EMA® Is the EHR System With ICD-10 Codes Built In
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Other electronic health records (EHR) systems tout their ability to translate or somewhat narrow the number of new ICD-10 codes you have to select from, but Modernizing Medicine®’s EMA is born ready. It uses structured data to generate your medical ICD-10 codes right alongside your exam notes and populate them onto the encounter form.
No guesswork. No ICD-9 translation to ICD-10. Just tap, touch and you’re done. It’s that simple.
Why Should You Worry About ICD-10 Medical Coding?
- It has over 10 times more codes than ICD-9
- Each ICD-10 code is longer and more complex
- If your ICD-10 code data isn’t accurate, you won’t get paid
- Many EMR systems force you to search through codes yourself
This can add minutes to every visit.
What Does It Mean to Be Born Ready for Coding ICD-10?
Leveraging a structured data platform enables our system to do what most EMR software can’t; automatically generate ICD-10 codes without adding clicks or time to search.
It means freedom from tedious:
- Crosswalks with General Equivalence Mappings (GEMs)
- Added conversion software
- Translation tools
- Long lists of new ICD codes to sort through
Time Is Up
The initial deadline for the ICD-10 transition was October 1, 2015. While the Centers for Medicare and Medicaid Services (CMS) gave providers a one-year grace period, this has now come to an end.
Now, any claim submitted with inaccurate or unspecified codes for ICD-10 can be denied or audited. This poses a big challenge to your practice’s workflow and financial outcomes. Are GEMs and ICD-9 to ICD-10 translator tools slowing down your coding process? Can you risk using a practice EHR that increases your chance of coding errors?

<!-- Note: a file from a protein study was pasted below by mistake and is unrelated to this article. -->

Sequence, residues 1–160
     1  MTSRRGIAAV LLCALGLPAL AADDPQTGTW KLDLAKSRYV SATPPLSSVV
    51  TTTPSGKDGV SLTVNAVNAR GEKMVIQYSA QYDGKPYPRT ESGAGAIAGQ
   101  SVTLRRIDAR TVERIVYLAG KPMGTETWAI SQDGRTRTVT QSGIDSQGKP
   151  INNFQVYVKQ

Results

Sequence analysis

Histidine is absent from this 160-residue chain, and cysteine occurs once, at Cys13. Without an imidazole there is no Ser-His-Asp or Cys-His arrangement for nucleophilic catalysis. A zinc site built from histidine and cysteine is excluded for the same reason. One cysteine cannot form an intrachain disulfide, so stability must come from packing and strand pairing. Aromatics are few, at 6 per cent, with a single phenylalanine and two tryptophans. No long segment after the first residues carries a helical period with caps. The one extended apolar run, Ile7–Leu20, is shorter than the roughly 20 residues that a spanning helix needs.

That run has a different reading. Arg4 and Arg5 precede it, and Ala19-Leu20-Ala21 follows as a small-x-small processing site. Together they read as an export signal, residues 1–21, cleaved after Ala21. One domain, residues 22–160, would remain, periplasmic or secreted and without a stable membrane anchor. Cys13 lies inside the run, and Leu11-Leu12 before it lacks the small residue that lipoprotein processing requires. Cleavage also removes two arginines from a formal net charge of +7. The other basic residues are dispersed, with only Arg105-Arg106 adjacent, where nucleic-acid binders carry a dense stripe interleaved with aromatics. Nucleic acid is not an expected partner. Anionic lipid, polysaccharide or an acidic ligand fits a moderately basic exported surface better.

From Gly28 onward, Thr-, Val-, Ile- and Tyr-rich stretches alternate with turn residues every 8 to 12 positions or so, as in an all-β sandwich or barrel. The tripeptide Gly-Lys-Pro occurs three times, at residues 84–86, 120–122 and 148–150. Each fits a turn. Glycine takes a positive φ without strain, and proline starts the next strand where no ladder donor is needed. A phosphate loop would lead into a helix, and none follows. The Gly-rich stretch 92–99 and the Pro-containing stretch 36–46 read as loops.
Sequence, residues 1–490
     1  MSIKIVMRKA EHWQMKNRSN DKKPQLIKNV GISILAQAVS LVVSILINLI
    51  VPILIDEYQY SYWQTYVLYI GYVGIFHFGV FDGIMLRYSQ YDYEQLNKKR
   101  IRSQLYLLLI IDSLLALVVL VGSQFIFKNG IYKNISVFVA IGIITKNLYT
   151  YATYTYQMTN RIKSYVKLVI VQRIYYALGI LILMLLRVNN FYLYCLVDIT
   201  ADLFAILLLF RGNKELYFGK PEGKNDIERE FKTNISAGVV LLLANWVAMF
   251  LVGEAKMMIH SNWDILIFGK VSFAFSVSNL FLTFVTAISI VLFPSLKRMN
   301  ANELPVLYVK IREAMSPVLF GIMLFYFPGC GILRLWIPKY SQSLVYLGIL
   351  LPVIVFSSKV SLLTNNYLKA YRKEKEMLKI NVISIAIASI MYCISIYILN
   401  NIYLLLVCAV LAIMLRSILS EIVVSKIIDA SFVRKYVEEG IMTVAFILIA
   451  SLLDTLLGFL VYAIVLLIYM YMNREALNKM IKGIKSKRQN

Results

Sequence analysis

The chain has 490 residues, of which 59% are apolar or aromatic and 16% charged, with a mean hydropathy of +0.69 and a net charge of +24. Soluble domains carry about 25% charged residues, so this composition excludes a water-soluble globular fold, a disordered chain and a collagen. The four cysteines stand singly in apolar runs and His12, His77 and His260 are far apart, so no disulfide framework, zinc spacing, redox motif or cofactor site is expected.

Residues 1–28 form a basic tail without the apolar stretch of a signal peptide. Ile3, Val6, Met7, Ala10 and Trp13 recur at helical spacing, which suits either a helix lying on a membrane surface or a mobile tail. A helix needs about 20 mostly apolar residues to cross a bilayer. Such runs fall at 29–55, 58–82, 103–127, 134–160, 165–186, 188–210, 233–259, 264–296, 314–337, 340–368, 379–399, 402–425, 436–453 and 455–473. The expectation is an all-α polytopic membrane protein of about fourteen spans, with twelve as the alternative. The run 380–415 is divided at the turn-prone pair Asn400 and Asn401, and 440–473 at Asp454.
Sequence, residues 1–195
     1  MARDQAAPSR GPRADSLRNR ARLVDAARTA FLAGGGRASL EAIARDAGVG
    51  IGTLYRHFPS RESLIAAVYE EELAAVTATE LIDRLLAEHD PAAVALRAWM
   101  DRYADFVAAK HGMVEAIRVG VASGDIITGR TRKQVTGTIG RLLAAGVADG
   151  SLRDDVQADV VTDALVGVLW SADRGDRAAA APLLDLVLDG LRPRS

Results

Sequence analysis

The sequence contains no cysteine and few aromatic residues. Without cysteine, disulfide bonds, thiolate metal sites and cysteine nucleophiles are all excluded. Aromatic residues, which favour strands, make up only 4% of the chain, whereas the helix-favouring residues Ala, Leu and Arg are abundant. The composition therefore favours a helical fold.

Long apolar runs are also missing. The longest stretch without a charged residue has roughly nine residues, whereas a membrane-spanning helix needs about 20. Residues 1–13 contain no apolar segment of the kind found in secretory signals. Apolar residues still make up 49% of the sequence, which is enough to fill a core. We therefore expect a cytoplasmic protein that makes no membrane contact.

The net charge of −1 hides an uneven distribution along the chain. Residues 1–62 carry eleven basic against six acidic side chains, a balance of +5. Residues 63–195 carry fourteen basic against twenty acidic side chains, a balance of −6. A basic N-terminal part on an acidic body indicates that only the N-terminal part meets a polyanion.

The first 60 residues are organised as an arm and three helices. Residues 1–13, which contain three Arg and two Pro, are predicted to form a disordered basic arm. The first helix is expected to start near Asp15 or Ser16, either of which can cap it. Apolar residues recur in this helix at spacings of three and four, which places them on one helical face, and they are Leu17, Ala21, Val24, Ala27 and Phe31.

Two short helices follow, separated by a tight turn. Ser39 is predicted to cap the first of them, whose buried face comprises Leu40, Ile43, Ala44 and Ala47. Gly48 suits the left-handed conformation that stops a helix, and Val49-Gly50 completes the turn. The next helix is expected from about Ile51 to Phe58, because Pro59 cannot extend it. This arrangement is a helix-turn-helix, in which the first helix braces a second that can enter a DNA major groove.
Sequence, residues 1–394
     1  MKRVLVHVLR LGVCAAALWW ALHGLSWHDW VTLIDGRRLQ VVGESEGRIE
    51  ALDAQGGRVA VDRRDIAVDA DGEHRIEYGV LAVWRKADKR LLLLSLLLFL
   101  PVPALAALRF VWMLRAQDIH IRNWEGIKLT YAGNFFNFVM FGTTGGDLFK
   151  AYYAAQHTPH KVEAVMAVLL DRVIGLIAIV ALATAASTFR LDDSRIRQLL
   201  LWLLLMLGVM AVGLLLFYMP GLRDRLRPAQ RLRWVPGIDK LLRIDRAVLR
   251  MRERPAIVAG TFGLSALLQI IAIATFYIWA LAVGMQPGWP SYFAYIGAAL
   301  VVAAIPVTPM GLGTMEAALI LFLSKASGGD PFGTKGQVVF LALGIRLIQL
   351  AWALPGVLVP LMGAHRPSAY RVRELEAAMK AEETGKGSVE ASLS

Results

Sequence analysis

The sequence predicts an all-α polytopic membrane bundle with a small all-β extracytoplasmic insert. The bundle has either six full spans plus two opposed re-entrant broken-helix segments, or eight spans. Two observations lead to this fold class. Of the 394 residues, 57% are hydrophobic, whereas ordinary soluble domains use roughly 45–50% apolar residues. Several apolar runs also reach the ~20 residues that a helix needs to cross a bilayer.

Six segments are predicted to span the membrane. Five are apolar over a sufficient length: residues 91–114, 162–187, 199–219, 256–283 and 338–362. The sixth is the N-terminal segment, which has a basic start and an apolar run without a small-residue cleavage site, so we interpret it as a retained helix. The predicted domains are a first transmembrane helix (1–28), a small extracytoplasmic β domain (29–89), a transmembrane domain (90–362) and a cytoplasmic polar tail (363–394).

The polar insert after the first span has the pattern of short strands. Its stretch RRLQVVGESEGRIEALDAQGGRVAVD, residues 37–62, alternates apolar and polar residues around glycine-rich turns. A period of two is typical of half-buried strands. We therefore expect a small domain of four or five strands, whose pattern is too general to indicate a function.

ICD-10 vs ICD-9 Codes
Only 5% of ICD-10 codes have equivalent ICD-9 codes, making exact 1:1 translations nearly impossible. If your EMR software uses GEMs or similar add-on ICD-9 to ICD-10 translation software, you’ll add more steps, more clicks and more work to find the right superbill ICD-10 code. Ultimately, it can cost you time and money.
Whereas ICD-9 has one code for an insect bite, ICD-10 requires specificity in clinical documentation. This turns one code for insect bite into 180, making translation tools a risky and time-consuming endeavor.
Your Old Habits Die Hard
ICD-9 has been around for a long time, and the codes are innately short. Inevitably, you’ve memorized the ones that you use most, but before you try to do the same with ICD-10 codes, consider the effort it would take to learn a new language. The entire Spanish dictionary has fewer words than the new ICD-10 classification of codes. Plus, the new alphanumeric ICD-10 codes are far more complicated than what you’ve been accustomed to, making memorization especially challenging.
You have enough things to worry about when treating patients. Coding shouldn’t be one of them.
To learn more, read our ICD-10 white paper: “Built-in or Bolted-on ICD-10: What’s the Difference and Why Does It Matter?”
Now that the ICD-10 mandate is in effect, make sure you don’t get lost in translation. Choose a specialty-specific, cloud-based healthcare suite that automatically generates codes and bills for you. One that minimizes disruption, eliminates crosswalks and mitigates the risk of human error.
Hear from our clients on how choosing EMA technology has helped make the ICD-9 to ICD-10 transition seamless.
“One of the biggest draws for me was knowing that EMA had a solution for ICD-10. The system already includes the ICD-10 codes, which automatically populate after touching the 3D Interactive Anatomical Atlas™, so there is nothing that needs to be done on my end. I’m able to increase my efficiency because EMA is straightforward with my billing.”
“I used to under-code for fear of being audited. EMA does the coding for us based on the documentation that has been done in the chart. Our billing collections have increased and I no longer have to worry if I’m choosing the right code; it does that for me.”
“With modmed® Ophthalmology, it’s amazing how it codes automatically and all of the data points are positioned with the appropriate number of diagnoses. I’m glad I have EMA for ophthalmology.”